The fiber in veggies and whole grains also can help make you less likely to have cardiovascular disease. And it aids with digestion and may help keep you regular, which can be a problem for some older adults. No single food is going to help your heart. You need a complete, healthy diet.

“If you’re eating a lot of fish but, in addition to that, you’re living on ice cream and candy and stuff like that,” Rock says, “it’s not going to save you.”

A loss of memory, a big concern among some older adults, has been linked to a lack of vitamin B12, among other things. Alzheimer’s disease has been linked to chronic inflammation, which can be caused by foods like white bread, French fries, red meat, sugary beverages, and margarine.

Scientists are still studying the link between some foods and brain health.

“I would not want to identify a specific food that prevents memory loss. I probably would tell someone that if you want to be functioning well, then some fruits and antioxidants will do better for you than another slice of cake," says Adam Drewnowski, PhD, director of the Nutritional Sciences Program at the University of Washington.

Antioxidants, found in many vegetables and in fruits like blueberries, help ease inflammation.

They also help you get rid of some damaging things called free radicals that are made when your body changes food into energy.

Again, it’s important to realize that good brain health may be as much about what you don’t eat as what you do. “Your brain runs on blood flow, just like your heart,” says Rock. “So, if you’re eating a lot of saturated fats, it makes it less likely that you’ll have those nice clean arteries to supply that brain tissue with blood.”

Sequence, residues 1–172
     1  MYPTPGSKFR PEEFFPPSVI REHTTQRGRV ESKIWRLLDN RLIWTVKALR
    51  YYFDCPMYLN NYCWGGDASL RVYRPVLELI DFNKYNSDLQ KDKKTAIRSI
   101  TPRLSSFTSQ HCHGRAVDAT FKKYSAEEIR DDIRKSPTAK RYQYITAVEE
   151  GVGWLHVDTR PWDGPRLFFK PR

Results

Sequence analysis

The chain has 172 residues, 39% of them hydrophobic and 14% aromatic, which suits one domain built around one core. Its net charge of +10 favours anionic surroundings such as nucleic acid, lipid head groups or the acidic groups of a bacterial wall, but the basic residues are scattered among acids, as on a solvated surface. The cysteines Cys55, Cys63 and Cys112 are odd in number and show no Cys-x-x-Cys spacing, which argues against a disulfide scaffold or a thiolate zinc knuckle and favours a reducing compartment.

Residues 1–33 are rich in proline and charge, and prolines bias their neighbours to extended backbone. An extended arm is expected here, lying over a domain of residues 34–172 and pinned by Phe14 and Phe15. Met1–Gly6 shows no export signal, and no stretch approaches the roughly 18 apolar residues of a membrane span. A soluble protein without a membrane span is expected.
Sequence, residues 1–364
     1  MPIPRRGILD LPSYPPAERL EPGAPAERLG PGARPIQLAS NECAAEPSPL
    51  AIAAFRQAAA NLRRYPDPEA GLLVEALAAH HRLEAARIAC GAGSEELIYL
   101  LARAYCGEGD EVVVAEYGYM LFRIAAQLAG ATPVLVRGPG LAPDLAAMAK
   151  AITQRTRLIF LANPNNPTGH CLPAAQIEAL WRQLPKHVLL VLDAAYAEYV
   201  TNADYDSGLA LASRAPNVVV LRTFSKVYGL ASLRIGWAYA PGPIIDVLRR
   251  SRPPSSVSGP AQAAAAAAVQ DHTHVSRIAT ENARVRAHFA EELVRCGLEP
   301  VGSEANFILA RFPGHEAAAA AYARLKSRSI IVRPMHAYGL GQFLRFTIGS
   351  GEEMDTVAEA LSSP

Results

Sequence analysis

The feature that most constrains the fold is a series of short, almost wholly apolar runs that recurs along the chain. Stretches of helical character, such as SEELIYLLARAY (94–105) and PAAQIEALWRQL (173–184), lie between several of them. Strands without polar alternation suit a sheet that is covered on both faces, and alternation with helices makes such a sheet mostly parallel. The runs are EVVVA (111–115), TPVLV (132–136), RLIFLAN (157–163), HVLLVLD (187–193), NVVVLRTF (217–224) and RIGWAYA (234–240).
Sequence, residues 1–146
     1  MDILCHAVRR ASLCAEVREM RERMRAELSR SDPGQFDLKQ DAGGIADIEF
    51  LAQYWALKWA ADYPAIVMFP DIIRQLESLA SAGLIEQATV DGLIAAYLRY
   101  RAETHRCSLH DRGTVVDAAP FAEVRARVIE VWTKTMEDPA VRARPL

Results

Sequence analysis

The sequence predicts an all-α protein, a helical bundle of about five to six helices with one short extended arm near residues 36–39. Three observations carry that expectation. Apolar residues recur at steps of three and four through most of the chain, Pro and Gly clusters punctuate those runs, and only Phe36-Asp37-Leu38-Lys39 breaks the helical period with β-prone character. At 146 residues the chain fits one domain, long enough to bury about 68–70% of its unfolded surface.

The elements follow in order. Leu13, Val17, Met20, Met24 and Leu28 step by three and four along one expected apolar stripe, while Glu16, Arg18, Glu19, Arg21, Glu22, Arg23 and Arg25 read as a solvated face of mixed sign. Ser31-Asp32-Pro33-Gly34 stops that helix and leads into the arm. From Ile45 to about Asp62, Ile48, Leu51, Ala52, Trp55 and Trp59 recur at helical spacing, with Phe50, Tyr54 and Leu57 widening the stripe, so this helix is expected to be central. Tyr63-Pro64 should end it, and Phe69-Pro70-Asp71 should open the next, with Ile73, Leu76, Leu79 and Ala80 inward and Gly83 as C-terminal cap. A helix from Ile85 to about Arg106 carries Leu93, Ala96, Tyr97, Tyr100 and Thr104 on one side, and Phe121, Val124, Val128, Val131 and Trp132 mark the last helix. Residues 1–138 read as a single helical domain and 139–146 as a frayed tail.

Try to get tomatoes, blueberries, green leafy veggies like spinach and kale, turmeric, and nuts (especially walnuts) into your diet. And those omega-3 fatty acids, found in salmon and other oily fish, are inflammation fighters, too.

They’re always breaking down and getting built back up again -- that’s the way your body works.

As you get older, you need more protein for that rebuilding process.

“If you don’t eat enough protein, you’ll be breaking down more than you’re rebuilding,” Rock says.

Low-fat or fat-free goat yogurt, goat cheese, lean grass-fed meats, wild fish, and organic beans can help with that. Eggs are an excellent source of protein, too, and they don’t have the saturated fats that meat have. Don’t worry about the cholesterol in your eggs, Rock says. Your body doesn’t absorb it well.

Older adults need calcium because it boosts healthy bone growth. “The risk for low vitamin D in older adults, that’s kind of a challenge because it’s not like there’s lots of foods that are high in vitamin D,” says Stephen Anton, PhD, from the department of aging and geriatric research at the University of Florida.

Calcium and vitamin D are in fortified foods, fish like salmon. Getting enough vitamin D is important, too, because that helps your body use calcium. But that’s not always easy.

“We cannot stop the winter or the summer from coming. We cannot stop the spring or the fall or make them other than they are. They are gifts from the universe that we cannot refuse. But we can choose what we will contribute to life when each arrives.” – Gary Zukhav

Diet and brain health: You are what you eat?

A key element in brain health is nutrition, say researchers who believe the number one factor that you have control over in terms of your mental health is at the end of your fork. Susan Spencer talks with Dr. Drew Ramsey, a psychiatrist who in his book "Eat Complete" prescribes a healthier diet in order to combat depression; Samantha Elkrief, a trained chef and wellness coach; and neuroscientist Lisa Mosconi (author of "Brain Food"), for whom brain scans reveal the differences in brain structure between those who eat a Mediterranean diet and those who consume standard Western fare.

Until next time, winter is a time to slow down. To grab hold of that wheel that spins your days too quickly and give it a firm tug. To let your thoughts, catch up with your body. To pin down that idea that’s been circling your mind for months. To remember that life isn’t an emergency, stop and take a look at what you are doing.